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Photo Illustration by Rafael Henrique/SOPA Images/LightRocket via Getty Images

Cinemark, one of the largest movie exhibitors in the U.S., and Universal, the movie studio owned by Comcast, have struck a deal to allow many Universal films to appear on premium video on-demand services after being made available in theaters for 17 days (three full weekends).

Why it matters: It's a significant departure from the traditional 90-day theatrical window. Cinemark follows AMC to become the second of the four biggest movie theater chains to strike this type of deal. The deals will likely usher a new era for streaming.

Details: Under the terms of the partnership, the window of exclusivity gets bigger for more expensive movies.

  • Any title that opens to $50 million or more, including many franchise titles, will play exclusively in theaters for at least five full weekends (31 days) before the title may become available on PVOD.
  • Cinemark will likely take some sort of a cut for every movie that's sold by the studio to premium on-demand streaming, in return for a shortened window.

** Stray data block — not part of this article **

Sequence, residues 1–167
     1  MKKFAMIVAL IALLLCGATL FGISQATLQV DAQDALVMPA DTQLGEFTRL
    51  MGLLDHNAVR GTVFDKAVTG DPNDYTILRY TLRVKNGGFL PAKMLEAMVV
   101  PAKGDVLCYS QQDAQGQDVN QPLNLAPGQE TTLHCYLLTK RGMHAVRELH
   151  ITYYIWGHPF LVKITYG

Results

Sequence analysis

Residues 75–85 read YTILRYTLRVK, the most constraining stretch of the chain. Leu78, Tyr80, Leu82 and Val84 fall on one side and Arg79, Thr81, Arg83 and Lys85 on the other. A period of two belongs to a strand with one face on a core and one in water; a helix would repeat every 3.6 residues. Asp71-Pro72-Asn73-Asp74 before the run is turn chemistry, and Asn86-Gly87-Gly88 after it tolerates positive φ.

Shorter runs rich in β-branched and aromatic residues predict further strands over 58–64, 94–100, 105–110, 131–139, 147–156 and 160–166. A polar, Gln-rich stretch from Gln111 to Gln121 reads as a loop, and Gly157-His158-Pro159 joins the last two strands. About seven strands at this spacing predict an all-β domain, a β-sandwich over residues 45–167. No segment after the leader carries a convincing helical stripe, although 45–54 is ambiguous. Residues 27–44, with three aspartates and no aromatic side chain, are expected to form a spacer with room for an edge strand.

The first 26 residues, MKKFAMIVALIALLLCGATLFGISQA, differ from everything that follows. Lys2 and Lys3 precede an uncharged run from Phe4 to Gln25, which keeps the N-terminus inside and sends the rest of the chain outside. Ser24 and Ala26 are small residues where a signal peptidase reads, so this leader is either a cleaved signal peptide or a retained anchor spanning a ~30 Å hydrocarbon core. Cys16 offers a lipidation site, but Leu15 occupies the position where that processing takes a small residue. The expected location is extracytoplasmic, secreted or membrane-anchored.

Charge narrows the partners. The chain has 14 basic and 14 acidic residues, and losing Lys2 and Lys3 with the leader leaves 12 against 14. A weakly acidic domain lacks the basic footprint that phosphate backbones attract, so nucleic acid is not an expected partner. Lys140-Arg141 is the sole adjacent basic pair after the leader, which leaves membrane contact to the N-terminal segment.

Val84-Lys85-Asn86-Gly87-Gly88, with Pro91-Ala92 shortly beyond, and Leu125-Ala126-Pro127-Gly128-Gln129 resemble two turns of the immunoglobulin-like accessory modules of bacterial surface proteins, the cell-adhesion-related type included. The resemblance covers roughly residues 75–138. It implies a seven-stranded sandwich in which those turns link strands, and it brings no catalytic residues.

Be smart: Insiders were waiting for this to happen after Universal and AMC, the largest theater chain in the U.S., struck an a similar multi-year deal in July.

The big picture: The coronavirus pandemic has accelerated a trend of studios pushing more movies to be made available for a premium rental price via a ticketed on-demand deal.

  • Most recently, Disney said last month it would be moving its holiday Pixar hit "Soul" to streaming exclusively.

The bottom line: Theater chains have been adamant that releasing movies on-demand at the same time they debut in theaters cannot become the new normal once the COVID-19 pandemic is over. But their years-long resistance to the idea is facing pressure as theaters remain closed due to social distancing guidelines.

Go deeper:

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Tony Hsieh. Photo: FilmMagic/FilmMagic

Tony Hsieh, the longtime ex-chief executive of Zappos, died on Friday after being injured in a house fire, his lawyer told the Las Vegas Review-Journal. He was 46.

The big picture: Hsieh was known for his unique approach to management, and following the 2008 recession his ongoing investment and efforts to revitalize the downtown Las Vegas area.

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What's next: You ain't seen nothing yet.

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Photo: Fars News Agency via AP

The assassination of Mohsen Fakhrizadeh, the architect of Iran’s military nuclear program, is a new height in the maximum pressure campaign led by the Trump administration and the Netanyahu government against Iran.

Why it matters: It exceeds the capture of the Iranian nuclear archives by the Mossad, and the sabotage in the advanced centrifuge facility in Natanz.